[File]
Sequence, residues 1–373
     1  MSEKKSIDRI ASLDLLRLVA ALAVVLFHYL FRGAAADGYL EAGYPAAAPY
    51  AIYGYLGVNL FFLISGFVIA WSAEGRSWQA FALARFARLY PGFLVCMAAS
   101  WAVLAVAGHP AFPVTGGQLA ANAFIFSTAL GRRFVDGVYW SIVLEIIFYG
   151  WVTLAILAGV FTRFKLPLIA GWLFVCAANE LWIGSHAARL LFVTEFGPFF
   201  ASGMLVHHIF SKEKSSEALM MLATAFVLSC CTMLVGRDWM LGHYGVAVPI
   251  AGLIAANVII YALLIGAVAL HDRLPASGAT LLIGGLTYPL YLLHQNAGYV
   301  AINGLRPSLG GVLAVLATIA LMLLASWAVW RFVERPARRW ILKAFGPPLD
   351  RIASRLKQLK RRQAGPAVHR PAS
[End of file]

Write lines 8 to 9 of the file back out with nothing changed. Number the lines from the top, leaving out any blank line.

   301  AINGLRPSLG GVLAVLATIA LMLLASWAVW RFVERPARRW ILKAFGPPLD
   351  RIASRLKQLK RRQAGPAVHR PAS